In the comments section of last week's blog, one perceptive person asked what I (perhaps speaking for all Publishers) would do to help fix the mess that we, the industry, are in. I wouldn't say the industry is a mess (neither did this commenter), but it DOES face some challenges and it IS in a period of transition.
So, while I much prefer to write about manuscripts, and published mystery fiction, and so forth - I've always said I'd discuss "the biz" on this blog, so maybe it's a good time to put forth my modest proposal for the ways that publishers can change, or re-orient themselves. I should mention, however, that any effort for publishers to do this as a group is likely to lead to some sort of lawsuit along the lines of what's going on with the DOJ now in terms of supposed "price fixing" on ebooks. - On that note, and to prevent myself from ranting and raving, has anyone looked into the prices of video games lately? One of my grandkids is crazy about them, and my wife tells me that no matter where she looks - in stores, online, etc. - the price is exactly the same. I wonder what's going on THERE? But we don't see any Department of Justice inquiry into the pricing of video game cartridges ($50 and up), unlike the DOJ investigation into $9.99 ebooks. But I digress.
Herewith my suggestions.
1. We Publishers should be reading our own manuscripts. I've been saying this for years. We have delegated the most important part of our job to agents. This isn't a crack against agents, many of whom are very good. But they add a middleman to an already complicated practice, they drive up the price of acquiring books, and they add yet another (often insurmountable) hurdle for those who are trying to get published. At the agencies, the recent hires and the interns read the queries that come in - I don't see why we can't have editorial assistants, et al., in the publishing companies do the same. We actually do that here, although our volume of queries is manageable. If we ever get to a place where it isn't, I know our assistants would LOVE to be first readers. It's why they joined the business to begin with.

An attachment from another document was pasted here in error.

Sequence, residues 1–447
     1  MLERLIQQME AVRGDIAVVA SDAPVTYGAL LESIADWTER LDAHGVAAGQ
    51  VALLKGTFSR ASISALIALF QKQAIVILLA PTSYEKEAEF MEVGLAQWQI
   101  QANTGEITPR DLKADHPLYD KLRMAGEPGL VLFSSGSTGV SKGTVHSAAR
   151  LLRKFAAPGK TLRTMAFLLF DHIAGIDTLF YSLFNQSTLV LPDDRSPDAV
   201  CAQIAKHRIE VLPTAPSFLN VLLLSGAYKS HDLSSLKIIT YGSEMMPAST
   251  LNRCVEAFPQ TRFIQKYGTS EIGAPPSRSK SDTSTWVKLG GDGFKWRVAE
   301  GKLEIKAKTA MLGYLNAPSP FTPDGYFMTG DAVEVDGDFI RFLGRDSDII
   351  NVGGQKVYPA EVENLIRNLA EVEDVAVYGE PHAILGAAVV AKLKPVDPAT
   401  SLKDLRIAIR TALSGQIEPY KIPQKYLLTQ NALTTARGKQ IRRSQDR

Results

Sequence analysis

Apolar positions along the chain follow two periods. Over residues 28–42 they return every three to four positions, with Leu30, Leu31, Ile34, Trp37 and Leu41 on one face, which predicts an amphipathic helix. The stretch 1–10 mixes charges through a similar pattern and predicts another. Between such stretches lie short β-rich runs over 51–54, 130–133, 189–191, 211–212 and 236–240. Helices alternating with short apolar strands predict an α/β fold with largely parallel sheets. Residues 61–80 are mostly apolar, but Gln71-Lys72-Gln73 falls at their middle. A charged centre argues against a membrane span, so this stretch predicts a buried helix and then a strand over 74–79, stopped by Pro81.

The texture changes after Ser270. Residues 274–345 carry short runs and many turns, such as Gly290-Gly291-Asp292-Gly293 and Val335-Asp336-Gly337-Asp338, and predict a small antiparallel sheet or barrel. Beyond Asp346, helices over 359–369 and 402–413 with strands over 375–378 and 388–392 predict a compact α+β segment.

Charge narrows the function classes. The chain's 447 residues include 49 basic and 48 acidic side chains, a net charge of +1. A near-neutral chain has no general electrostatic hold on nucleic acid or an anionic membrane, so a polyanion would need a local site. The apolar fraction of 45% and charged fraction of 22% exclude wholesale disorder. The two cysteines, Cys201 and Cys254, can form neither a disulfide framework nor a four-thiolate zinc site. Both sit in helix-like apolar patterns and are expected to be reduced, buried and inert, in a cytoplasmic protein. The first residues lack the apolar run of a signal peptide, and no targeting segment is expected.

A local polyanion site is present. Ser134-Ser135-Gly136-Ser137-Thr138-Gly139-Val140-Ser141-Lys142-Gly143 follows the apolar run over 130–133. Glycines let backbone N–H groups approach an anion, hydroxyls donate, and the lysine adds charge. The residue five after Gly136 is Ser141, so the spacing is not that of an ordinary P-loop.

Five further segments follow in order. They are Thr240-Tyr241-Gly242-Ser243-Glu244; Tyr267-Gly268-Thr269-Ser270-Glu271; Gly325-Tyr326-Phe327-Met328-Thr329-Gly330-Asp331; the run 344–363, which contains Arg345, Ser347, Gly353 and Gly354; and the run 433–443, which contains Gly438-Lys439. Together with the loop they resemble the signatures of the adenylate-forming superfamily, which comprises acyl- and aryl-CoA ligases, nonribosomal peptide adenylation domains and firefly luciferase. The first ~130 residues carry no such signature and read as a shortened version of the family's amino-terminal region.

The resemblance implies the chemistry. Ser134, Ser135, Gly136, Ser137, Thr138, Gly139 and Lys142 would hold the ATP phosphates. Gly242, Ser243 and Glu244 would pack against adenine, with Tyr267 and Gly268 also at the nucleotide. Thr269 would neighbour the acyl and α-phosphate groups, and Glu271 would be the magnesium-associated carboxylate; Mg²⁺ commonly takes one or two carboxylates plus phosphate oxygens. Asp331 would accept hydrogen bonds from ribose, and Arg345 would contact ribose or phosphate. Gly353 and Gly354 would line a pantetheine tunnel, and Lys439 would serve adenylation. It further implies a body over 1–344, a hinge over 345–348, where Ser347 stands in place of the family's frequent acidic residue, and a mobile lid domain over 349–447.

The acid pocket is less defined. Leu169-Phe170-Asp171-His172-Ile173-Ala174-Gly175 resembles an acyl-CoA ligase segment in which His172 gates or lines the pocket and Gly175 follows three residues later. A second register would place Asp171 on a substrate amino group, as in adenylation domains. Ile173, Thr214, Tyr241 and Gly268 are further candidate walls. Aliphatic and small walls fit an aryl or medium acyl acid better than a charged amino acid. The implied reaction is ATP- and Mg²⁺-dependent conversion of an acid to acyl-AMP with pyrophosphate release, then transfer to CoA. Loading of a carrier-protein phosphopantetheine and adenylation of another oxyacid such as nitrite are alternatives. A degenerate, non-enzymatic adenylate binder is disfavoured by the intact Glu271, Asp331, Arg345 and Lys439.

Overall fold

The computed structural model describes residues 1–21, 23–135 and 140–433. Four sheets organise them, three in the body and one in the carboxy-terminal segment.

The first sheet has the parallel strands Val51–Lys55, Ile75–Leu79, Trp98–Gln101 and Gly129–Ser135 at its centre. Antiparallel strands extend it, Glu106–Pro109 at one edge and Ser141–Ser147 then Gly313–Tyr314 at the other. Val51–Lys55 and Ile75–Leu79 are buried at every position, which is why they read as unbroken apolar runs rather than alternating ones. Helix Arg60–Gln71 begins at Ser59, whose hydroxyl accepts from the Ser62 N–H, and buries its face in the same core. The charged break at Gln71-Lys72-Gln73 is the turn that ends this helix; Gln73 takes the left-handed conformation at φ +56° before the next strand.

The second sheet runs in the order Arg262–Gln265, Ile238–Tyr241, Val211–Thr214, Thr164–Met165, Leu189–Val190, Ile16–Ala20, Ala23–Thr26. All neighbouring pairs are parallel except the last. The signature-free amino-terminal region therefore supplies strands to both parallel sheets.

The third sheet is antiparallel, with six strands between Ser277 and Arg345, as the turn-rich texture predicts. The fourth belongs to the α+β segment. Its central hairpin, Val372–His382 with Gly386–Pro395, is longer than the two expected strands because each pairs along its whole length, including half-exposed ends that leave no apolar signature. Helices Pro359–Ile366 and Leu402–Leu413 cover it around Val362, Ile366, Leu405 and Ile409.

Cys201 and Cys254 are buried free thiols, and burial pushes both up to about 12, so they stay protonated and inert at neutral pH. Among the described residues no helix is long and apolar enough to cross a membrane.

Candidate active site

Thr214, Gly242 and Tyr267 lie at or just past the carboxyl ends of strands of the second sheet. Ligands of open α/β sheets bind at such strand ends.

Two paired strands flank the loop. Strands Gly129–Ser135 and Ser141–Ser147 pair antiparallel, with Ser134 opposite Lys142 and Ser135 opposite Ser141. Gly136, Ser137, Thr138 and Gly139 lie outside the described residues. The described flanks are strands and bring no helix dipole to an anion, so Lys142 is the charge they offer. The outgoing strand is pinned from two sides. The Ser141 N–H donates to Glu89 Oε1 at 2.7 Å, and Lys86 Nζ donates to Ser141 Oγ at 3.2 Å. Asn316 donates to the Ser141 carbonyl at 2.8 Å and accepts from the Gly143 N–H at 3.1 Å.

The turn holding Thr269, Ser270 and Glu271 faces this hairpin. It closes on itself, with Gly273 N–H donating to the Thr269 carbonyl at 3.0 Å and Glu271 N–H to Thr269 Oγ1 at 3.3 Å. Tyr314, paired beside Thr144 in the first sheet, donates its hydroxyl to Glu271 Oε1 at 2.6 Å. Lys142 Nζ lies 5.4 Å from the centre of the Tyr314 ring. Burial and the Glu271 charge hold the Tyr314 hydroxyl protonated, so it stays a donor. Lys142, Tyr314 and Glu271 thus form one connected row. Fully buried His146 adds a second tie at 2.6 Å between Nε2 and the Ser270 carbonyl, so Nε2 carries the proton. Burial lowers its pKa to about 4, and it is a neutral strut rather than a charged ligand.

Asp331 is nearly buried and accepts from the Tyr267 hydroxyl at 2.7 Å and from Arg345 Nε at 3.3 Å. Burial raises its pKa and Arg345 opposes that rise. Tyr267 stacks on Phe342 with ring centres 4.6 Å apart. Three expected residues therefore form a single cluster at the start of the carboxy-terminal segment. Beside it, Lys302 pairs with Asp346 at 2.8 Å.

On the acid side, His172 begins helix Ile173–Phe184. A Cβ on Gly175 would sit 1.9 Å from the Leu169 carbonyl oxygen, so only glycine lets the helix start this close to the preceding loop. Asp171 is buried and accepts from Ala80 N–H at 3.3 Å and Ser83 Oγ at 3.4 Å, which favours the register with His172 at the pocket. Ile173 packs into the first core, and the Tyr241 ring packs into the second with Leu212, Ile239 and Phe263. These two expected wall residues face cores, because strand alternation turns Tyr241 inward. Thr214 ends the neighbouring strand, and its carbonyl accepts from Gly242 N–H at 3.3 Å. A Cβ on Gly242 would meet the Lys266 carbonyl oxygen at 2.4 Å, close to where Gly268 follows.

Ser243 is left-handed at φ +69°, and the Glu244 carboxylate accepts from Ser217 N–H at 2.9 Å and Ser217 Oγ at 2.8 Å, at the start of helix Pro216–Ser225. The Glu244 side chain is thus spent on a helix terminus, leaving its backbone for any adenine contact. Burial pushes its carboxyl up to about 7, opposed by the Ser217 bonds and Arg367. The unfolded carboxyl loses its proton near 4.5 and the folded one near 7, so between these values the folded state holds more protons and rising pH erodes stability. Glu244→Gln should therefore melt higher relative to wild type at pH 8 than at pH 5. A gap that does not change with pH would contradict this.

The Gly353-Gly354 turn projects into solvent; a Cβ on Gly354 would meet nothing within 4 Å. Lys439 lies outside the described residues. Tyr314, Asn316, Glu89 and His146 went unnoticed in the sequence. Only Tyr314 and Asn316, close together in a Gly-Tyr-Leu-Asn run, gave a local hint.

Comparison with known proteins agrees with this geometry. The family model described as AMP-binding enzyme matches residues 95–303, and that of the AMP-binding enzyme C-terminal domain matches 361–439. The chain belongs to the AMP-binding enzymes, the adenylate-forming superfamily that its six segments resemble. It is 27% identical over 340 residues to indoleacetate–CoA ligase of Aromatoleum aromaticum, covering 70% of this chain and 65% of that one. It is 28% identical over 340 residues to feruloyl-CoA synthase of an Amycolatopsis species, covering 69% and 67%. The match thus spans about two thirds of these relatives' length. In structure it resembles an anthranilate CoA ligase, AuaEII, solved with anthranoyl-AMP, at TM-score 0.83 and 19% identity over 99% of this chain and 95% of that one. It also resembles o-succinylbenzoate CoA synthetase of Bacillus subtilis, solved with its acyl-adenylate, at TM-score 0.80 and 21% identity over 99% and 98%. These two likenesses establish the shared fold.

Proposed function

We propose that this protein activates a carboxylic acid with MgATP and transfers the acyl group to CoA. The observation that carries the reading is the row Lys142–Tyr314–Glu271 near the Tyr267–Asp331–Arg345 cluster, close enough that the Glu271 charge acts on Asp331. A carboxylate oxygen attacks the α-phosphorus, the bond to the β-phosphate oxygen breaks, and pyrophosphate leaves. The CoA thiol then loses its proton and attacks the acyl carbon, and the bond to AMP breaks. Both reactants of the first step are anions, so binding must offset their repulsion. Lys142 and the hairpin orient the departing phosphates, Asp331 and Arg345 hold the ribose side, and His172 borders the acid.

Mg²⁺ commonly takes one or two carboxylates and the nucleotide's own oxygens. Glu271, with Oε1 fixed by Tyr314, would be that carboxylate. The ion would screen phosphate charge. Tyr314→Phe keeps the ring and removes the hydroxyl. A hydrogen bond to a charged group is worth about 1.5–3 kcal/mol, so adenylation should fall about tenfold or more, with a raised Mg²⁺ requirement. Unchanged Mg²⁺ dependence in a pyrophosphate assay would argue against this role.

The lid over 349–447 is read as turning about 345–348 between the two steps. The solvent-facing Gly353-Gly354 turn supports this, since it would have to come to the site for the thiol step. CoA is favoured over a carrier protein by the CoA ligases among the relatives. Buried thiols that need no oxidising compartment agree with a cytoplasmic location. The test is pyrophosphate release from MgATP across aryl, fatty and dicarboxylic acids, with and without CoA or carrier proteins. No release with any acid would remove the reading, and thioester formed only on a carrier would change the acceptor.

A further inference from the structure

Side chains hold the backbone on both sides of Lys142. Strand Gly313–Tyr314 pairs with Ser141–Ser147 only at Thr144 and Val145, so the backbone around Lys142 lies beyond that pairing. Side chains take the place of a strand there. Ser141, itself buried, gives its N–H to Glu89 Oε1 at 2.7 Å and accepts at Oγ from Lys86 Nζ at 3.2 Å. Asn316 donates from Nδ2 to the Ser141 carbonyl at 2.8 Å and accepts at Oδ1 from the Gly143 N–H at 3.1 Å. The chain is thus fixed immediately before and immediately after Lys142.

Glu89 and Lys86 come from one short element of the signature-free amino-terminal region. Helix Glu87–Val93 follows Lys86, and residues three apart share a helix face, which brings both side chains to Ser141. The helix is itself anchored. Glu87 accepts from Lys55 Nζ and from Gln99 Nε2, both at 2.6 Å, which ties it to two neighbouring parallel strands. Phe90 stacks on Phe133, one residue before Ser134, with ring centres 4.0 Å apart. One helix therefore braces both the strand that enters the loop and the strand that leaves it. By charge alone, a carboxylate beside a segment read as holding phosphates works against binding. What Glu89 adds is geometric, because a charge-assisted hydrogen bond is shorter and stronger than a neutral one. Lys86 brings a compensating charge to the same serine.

2. We Publishers should be lobbying the media to give books a greater presence. There's no good reason why the news outlets - many of which are now electronic - shouldn't be giving books the same treatment they give movies and music. There's a "revolving" headline on Yahoo - why can't this be about books and reading once in a while? Why can't USA today offer a books page once a week, instead of emailing us about their new advertising program? (No editor I know is taking advantage of that - I'm sure lots of the self-published will, and we'll see what kind of effect it has.) We should have more writers on all the TV shows - from late night, to daytime, to newscasts, to reality TV. I don't think one person or company can convince Yahoo, Conan, John Stewart, et al. to focus more on books by non-celebrities or non-Ivy Leaguers, but working together as an industry, we might. Ditto for schools - from kindergarten through college. Some sort of coordinated effort would be very, very helpful at developing readers at the right time of their lives.
3. We Publishers need to stop basing our decisions on what's popular now and start being more forward-looking. Book publishers are perpetually behind the curve. We see what's successful now and we want books that are like that. (I know of an example where several publishers turned down a manuscript because its narrative style didn't fit the narrative style of the book on which a current popular movie was based.) Given the lag time between acquisition and publication, it just makes no sense to believe that what's popular/well-received now is going to be popular and well received two years hence. And yet far too many decisions are based on this criterion. We Publishers need to be trend-setters, to take chances. And, truthfully, many of us do - but you don't often hear about that amid all the publicity about Janet Evanovich's $50 million advance. I think editors have to always keep any eye on the market (for example, those genre crossovers/admixtures really don't sell, as far as I can tell), I think we have to listen to our inner compass about what is really good and deserves to be published.